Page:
Could your Cell Phone be the Root of Pain?

Cubital Tunnel Syndrome Wayne, NJ For many adults, it doesn’t seem like very long ago that pay phones and other land-lines were the norms. There was no reaching into the back pocket to grab a phone to check in with a parent or mate. There was no scrolling through social media sites and texting at all hours of the day and night. Interestingly enough, on the flip side of this coin, we’ve got entire generations who are now so reliant on smart devices that we begin to feel anxious if we go without them for too long.

Since this windfall we call smartphone use began several years ago, a number of advantages have been noted. Numerous disadvantages have also been discovered through scientific research. One of the downsides of cell phone use that may not be too surprising is the idea that hand and arm position present certain risks to the skeletomuscular system. In short, there is this little thing call cubital tunnel syndrome, and it has been linked to the cell phone use we have become so accustomed to.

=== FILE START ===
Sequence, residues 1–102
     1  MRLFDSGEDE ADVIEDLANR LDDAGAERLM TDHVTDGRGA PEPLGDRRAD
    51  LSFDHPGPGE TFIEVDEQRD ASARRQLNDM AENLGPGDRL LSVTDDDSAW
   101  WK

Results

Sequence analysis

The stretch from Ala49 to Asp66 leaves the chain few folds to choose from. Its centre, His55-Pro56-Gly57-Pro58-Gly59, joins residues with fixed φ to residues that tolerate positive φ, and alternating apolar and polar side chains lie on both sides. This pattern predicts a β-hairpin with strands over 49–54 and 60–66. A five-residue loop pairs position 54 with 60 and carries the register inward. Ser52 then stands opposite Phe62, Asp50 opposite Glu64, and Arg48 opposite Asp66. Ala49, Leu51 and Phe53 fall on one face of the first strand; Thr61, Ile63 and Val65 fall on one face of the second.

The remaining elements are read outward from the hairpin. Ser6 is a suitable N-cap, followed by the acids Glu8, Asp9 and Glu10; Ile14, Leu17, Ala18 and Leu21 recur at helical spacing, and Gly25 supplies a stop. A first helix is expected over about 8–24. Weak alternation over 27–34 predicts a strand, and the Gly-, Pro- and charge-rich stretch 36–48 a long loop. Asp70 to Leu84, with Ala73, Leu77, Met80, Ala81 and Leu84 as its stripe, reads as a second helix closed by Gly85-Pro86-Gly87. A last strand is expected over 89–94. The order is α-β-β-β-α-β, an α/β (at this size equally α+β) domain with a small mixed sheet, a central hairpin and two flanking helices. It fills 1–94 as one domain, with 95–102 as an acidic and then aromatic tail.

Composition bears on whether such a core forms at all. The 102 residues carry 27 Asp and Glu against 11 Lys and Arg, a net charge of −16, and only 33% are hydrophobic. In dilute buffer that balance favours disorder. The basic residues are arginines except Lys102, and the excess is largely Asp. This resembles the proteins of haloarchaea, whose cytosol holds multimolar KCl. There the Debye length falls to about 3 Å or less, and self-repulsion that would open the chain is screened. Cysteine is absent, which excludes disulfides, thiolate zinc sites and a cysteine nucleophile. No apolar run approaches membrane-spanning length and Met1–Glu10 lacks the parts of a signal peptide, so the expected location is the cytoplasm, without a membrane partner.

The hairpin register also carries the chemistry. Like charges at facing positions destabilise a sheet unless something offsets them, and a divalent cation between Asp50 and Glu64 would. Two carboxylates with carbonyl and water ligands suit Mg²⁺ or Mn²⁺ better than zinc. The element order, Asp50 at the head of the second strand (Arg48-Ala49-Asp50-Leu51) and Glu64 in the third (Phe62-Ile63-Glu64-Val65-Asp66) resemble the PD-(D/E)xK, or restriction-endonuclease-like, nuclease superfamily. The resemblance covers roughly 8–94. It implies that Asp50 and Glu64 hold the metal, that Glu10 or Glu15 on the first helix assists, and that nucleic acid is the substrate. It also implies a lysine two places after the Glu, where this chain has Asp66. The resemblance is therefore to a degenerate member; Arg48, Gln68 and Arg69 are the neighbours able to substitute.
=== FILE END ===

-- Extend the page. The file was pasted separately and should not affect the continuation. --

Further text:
What is cubital tunnel syndrome?

Cubital tunnel syndrome is a condition that some are referring to as “cellbow” due to the nature of development. Cubital tunnel syndrome occurs when the ulnar nerve, located at the bony bump of the elbow, suffers chronic compression. It is easy to compress the ulnar nerve; all you need to do is bend your elbow. The longer and more frequently the elbow is kept in a bent position; the greater compression will be. When compression affects the nerve, symptoms such as tingling and numbness may occur in the ring and pinky fingers.

Change Habits to Avoid Surgery

Severe cases of cubital tunnel syndrome may need to be treated with surgery to manually alleviate pressure on the affected nerve. However, if you know that your use of a smartphone or any other device could be behind uncomfortable symptoms stemming from nerve compression, it is within your power to halt the progression of those symptoms. For example, you could use your speaker to talk on the phone, so your arm isn’t bent. You might switch to a Bluetooth ear-piece to maintain confidentiality when using your phone in public places. Perhaps you could curtail texting and playing games on your smartphone. At the very least, you might take breaks from texting to shake your arms out or just let them hang for a few moments.

The team in our New Jersey offices is here to help you address hand injuries with care tailored to your needs. Call 973-942-1315 to schedule a visit with us.

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